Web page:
Archive for August, 2015

The Epstein-Barr Virus, Magnesium and ME/CFS Connection (?)

August 22, 2015

Magnesium may be the most commonly used supplement in chronic fatigue syndrome and fibromyalgia.  Some people think a smoldering Epstein-Barr Virus infection may be common in ME/CFS.  In something of a shocker, recent research into EBV and magnesium suggests that low magnesium and EBV infections may sometimes go hand in hand.

Mg2+ Regulates Cytotoxic Functions of NK and CD8 T Cells in Chronic EBV Infection Through NKG2D. Benjamin Chaigne-Delalande,1* Feng-Yen Li,1,2* Geraldine M. O’Connor,3 Marshall J. Lukacs,1 Ping Jiang,1 Lixin Zheng,1 Amber Shatzer,4 Matthew Biancalana,1 Stefania Pittaluga, et. al, Michael J. Lenardo1† 12 JULY 2013 VOL 341 SCIENCE

The authors had recently characterized a primary immunodeficiency disease in people with chronic Epstein-Barr virus infection called XMEN.

XMEN disease

XMEN is a rare genetic disease that combines low magnesium levels and Epstein-Barr virus infection. Could it help explain ME/CFS?

XMEN disease is a rare genetic disease mostly appearing in men that is caused by mutations in the MAGTI magnesium transporter gene. People with XMEN disease suffer from increased infections including upper respiratory infections, sinusitis, otitis media, viral pneumonia, diarrhea, epiglottitis, and pertussis.

They also typically have high levels of Epstein-Barr virus infection and are at increased risk of coming down with EBV associated lymphoma.

The link to lymphoma and the recurrent infections were explained when they discovered that increased magnesium levels are required for natural killer (NK) and T-cell activation.

XMEN disease is not chronic  fatigue syndrome and vice versa, but the two diseases may share four intriguing  factors: EBV reactivation, poorly functioning NK and T-cells, the need for magnesium supplementation and possibly increased risk of lymphoma.

The Magnesium – Immune System Connection

The vast majority (95%) of the magnesium in our body is bound in our cells but it’s the 5% that’s unbound that makes the difference in our immune response.  The XMEN patients studied – some of whom had developed lymphoma – had normal levels of bound magnesium in their cells but reduced levels of unbound magnesium.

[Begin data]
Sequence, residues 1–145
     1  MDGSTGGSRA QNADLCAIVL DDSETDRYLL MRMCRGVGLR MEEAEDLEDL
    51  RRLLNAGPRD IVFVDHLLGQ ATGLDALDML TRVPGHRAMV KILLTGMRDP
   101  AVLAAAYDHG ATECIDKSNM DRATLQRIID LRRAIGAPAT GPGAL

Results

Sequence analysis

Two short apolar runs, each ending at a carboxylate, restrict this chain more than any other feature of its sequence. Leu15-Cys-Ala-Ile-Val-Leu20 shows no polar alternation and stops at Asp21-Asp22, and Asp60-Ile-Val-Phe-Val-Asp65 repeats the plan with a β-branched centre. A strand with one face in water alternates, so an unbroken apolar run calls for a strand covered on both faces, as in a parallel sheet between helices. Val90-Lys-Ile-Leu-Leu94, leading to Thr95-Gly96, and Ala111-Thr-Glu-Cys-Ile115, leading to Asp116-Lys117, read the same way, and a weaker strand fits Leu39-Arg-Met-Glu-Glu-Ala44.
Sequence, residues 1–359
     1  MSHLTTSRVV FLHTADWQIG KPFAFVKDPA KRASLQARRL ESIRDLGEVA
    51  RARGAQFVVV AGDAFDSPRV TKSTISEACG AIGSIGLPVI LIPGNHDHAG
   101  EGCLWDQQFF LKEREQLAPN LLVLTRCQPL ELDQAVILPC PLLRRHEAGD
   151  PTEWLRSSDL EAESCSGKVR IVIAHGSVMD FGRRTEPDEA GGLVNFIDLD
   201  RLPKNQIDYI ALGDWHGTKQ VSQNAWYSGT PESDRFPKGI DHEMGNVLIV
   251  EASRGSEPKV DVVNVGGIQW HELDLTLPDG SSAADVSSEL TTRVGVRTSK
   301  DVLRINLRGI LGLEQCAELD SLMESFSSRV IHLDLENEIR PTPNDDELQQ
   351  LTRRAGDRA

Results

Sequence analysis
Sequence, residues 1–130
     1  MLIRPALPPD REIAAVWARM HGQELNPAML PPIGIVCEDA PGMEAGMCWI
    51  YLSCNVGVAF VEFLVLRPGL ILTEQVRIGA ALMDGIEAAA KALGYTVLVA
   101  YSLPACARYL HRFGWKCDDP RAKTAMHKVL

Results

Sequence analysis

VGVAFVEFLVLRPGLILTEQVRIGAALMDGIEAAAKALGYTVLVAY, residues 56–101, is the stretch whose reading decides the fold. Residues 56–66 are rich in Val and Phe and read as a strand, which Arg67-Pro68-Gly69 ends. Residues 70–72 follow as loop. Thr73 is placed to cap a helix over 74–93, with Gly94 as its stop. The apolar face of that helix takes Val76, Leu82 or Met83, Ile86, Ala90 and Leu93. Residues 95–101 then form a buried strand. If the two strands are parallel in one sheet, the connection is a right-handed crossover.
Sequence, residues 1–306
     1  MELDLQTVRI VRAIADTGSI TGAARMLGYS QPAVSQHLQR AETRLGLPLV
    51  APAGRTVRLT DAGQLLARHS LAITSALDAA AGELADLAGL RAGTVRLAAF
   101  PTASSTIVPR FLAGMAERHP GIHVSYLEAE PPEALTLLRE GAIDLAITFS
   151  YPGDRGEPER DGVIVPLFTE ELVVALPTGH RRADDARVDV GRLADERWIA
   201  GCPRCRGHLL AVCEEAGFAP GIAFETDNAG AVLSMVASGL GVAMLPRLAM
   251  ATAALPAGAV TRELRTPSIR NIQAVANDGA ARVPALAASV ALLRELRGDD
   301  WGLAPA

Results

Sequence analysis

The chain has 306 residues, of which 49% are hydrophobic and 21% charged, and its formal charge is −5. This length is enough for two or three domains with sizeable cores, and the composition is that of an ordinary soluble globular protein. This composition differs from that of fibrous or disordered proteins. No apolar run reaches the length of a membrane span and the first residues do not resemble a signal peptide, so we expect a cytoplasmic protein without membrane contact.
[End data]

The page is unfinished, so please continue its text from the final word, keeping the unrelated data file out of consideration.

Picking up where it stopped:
Interestingly, all experienced repeated minor viral infections and had elevated levels of active EBV in their blood.  Tests indicated that their immune systems knew the virus was there – it was producing normal levels of the  EBV specific memory T-cells – but their NK and cytotoxic T-cells – the cells tasked with killing EBV – were having trouble killing it.

The question was why. First they looked at the receptors on the NK and T-cells that activate them in the presence of EBV infected cells.   If the receptors are not present or are damaged the cells are effectively blind to EBV.

They  found reduced levels of the NKG2D receptors needed to turn NK and T cells into killing machines. They knew the genetics of the XMEN patients prevented them from taking up magnesium properly.  When they pumped their NK and T-cells full of magnesium (by culturing them in magnesium sulfate) the NKG2D receptors started working again. The cytotoxic T cell killing  problem was partially resolved and the NK cell killing problem was fully resolved.


Low levels of free magnesium turned off NK and T-cells – and allowed EBV to take up residence in the cell.

They also found, importantly, that reducing magnesium levels abolishes NKG2D activation in normal T-cells; i.e. proper magnesium levels are needed for T-cell functioning. (Other receptors on NK and T-cells were not affected by magnesium levels – only these specific receptors.)

Next the researchers tested their hypothesis on humans. Upon being provided oral magnesium gluconate small but significant increases in free magnesium and a “modest restoration” in NKG2D levels were seen in an XMEN patient. A decline in the number of his B-cells harboring EBV suggested that his NK and perhaps T-cells were, indeed, more effectively targeting EBV infected  B-cells.

When the patient went off the magnesium supplementation the situation reversed itself.

Further testing indicated that infusions of magnesium sulfate and oral supplementation of magnesium threonate were more effective.

This was an early study (which did make it into Science) but it suggests that something as simple as magnesium supplementation may reduce the rate of infections and possibly the risk of lymphoma in XMEN patients.

EBV infections don’t necessarily lead to or are even associated with these problems: only one type of EBV patient was shown to have them in this study.  People with chronic active EBV infections (CAEBV) or something called X-linked lymphoproliferative disease (XLP) did not have reduced basal free levels of Mg2+ or problems with magnesium transport.

The ME/CFS Connection (???)

ME/CFS and FM  are not XMEN disease. They’re not rare and active EBV is not commonly found. Nor does magnesium supplementation, as common as it is, lead to a cure as it might for XMEN disease.